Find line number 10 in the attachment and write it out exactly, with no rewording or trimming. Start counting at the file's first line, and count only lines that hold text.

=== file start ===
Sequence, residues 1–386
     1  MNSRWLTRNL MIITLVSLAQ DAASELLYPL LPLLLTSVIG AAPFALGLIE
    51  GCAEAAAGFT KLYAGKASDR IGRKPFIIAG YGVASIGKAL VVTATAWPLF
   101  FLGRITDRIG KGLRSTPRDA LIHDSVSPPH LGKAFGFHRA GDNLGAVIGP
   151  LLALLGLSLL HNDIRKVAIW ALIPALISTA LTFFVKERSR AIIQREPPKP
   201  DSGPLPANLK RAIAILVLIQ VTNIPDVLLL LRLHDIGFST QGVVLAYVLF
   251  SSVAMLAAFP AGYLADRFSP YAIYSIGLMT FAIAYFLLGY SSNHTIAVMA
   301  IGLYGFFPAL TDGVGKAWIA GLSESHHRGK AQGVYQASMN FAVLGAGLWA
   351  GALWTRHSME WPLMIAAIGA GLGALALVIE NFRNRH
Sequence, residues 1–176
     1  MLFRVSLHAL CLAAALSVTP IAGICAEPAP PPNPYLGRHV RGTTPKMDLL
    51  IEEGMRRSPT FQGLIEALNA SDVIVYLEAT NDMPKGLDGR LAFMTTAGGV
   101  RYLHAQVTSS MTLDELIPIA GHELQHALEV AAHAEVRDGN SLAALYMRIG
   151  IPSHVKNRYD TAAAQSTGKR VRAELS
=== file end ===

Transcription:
Sequence, residues 1–176